I know that Ricardo and I were very grateful to have had so many great creators attend our Expo and appear on our panel. And we were especially proud to have also had a special panel featuring Spain Rodriguez, the legendary cartoonist from the original underground comix movement of the late 60s/early 70s, and cartoonist and friend of the Expo, Mario Hernandez. Ricardo reached out to Spain in the Bay Area and invited him to the Expo. Spain was more than happy to appear with his old friend, Mario. Here's Ricardo moderating the conversation with Spain (L) and Mario (in the middle):
Another memorable event that occurred at the Expo was that the curator of the Latin American, Mexican American & Iberian Collections at the University of Stanford came to the Expo. He and another representative walked through and purchased from the artists 3 copies of every work they had. They actually bought my entire inventory of EL MUERTO COLLECTOR BOXES I had brought with me! While it's always great to have such a great sale, what really is special is having your work included in such a collection, particularly from such an institution as Stanford. When someone wants to study the history of Latino comics and creators, my work will be available for research, alongside many other works by other artists. Yes, yes, I know we have Google, but good old-fashioned physical research can't be beat!
Saturday evening was time for another get-together, this time hosted by our friends at MISSION: COMICS & ART. Get a bunch of cartoonists together at a comic shop, add Sangria and some other 'drinks', and well, you got yourself a party!
Las Cartoonistas! L to R, Isis, Crystal Gonzalez, Gabrielle Gamboa, Grasiela Rodriguez and Liz Mayorga.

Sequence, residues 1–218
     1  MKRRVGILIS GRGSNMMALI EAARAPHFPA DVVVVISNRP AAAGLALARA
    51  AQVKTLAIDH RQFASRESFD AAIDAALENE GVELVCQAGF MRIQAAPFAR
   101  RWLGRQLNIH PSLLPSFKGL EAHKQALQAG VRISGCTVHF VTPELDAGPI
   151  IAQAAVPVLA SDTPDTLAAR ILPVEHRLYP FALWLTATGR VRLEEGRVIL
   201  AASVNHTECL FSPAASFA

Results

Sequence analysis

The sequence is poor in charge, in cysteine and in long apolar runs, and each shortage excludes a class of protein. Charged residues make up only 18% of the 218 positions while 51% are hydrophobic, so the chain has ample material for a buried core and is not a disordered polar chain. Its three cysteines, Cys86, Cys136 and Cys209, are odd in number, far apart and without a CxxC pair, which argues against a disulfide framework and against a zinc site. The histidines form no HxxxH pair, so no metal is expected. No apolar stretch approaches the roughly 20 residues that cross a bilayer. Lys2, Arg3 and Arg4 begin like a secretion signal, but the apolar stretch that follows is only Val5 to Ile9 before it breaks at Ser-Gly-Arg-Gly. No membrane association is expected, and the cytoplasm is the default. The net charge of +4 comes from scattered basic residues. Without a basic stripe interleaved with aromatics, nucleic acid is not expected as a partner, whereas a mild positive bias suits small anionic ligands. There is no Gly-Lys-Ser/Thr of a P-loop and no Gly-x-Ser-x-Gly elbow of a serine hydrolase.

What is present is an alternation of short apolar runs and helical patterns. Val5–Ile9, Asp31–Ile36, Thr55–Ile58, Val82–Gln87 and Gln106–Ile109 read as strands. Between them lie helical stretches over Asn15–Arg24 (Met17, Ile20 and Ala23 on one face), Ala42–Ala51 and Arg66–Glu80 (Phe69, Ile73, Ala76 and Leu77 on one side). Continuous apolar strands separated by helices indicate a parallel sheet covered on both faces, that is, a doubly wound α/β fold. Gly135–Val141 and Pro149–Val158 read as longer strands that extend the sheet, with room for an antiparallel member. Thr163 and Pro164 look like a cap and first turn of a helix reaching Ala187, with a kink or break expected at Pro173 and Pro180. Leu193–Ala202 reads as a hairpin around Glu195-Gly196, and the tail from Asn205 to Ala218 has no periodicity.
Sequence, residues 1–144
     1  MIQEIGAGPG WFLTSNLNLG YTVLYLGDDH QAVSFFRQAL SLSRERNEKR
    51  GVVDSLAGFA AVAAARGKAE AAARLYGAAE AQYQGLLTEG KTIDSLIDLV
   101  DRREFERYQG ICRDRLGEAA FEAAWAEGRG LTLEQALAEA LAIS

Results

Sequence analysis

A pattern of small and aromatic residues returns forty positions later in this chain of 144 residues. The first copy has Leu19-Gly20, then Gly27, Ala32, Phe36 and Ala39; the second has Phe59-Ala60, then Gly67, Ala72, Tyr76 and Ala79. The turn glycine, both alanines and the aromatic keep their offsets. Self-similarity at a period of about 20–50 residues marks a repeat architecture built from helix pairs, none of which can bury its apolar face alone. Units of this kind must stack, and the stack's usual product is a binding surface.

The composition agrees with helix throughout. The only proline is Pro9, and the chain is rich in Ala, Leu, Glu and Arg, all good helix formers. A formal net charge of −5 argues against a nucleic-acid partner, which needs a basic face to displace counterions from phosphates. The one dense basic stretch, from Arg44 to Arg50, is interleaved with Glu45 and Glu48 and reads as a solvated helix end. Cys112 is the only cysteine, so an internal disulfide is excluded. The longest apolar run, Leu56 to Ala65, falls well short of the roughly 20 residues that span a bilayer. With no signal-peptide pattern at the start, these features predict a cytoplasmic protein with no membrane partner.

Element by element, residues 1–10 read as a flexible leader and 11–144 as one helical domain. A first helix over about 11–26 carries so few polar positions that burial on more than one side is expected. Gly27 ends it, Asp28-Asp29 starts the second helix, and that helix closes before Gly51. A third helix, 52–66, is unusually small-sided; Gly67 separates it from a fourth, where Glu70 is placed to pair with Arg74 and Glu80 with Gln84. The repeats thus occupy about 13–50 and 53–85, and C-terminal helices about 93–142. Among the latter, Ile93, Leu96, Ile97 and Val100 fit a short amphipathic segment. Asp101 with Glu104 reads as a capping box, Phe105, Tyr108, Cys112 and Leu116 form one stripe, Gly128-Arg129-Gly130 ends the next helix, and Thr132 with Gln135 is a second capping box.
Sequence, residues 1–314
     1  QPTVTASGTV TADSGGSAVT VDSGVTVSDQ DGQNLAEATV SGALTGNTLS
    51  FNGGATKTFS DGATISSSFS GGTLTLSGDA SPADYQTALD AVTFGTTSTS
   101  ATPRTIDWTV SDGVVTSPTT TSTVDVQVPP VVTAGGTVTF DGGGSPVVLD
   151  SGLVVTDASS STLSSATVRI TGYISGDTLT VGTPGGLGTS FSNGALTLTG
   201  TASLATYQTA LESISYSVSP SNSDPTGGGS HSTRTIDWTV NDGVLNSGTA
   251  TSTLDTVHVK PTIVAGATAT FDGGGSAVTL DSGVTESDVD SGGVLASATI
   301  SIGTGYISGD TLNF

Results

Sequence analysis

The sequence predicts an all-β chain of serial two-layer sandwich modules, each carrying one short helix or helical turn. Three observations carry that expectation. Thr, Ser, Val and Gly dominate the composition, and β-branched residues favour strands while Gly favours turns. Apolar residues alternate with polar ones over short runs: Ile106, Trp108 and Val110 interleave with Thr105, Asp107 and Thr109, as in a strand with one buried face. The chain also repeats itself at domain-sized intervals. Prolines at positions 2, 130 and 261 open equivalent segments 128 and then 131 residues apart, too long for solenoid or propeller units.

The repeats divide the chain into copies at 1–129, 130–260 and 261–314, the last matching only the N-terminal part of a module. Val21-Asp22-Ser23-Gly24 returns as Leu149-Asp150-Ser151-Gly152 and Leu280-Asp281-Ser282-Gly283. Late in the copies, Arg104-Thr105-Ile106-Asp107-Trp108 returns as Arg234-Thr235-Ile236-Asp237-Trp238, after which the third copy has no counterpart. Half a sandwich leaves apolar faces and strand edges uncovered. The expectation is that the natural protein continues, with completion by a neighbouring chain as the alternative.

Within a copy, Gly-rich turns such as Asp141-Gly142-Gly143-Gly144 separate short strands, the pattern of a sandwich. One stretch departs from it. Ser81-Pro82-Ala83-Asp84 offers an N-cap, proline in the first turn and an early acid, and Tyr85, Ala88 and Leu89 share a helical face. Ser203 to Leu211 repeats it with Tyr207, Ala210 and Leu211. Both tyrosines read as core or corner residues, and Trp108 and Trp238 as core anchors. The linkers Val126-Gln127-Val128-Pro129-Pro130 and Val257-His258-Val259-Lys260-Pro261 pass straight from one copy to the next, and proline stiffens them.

Me and the charming Crystal. And yeah, I'm sporting my stylish Ed Wood 'Bride of the Atom' t-shirt and vintage 1976 Howard the Duck presidential campaign button!
Sunday was another day of beautiful weather, and more Expo excitement!
I really enjoyed hearing from the folks who visited the Expo. One elderly gentleman, I believe his name was Bob, was telling me about the first Latino in professional baseball (Luis Castro, playing for the Philadelphia Athletics in 1902). Bob was telling me how Luis died poor and in obscurity, with no tribute or tombstone to mark his passing. He told me he had no idea there were 'Latino comics' and he hoped that we would all leave a mark and not end up in obscurity, like Mr. Castro. There was sincerity and true emotion in Ben's voice, and it was really touching to hear him express his concerns. I told him that was the reason that we created a Latino Comics Expo, so that creators of Latino descent could gather together and share their work with readers. I also assured Ben that I make as much noise as I can about my own work, whether people want to hear about me or not!
We also had an animation panel, organized by cartoonist and animation-dabbler Jose Cabrera. Here's Grasiela Rodriguez discussing her techniques, and a shot of the audience enjoying the various animated shorts:
On Sunday, we had another panel with Mario Hernandez, this time he did a reading from one of his comics and had a Q&A with the audience. Mario was a guest last year as well, and he's a complete pleasure to talk with. The first thing he said to me when I saw him Friday evening at the art opening was "I just saw THE AVENGERS and I loved it!". Now that's the way to start a conversation in a comics museum!
Being a co-founder of this particular event fills me with a huge amount of accomplishment. The reaction from the artists and the community of fans convinces me that this is a very important thing that we do, this love of comics as our storytelling device. And the reasons we do it, the influence we each get from our individual experiences, and the impact it has on the people, both within and outside the Latino community, well, the rewards speak for themselves.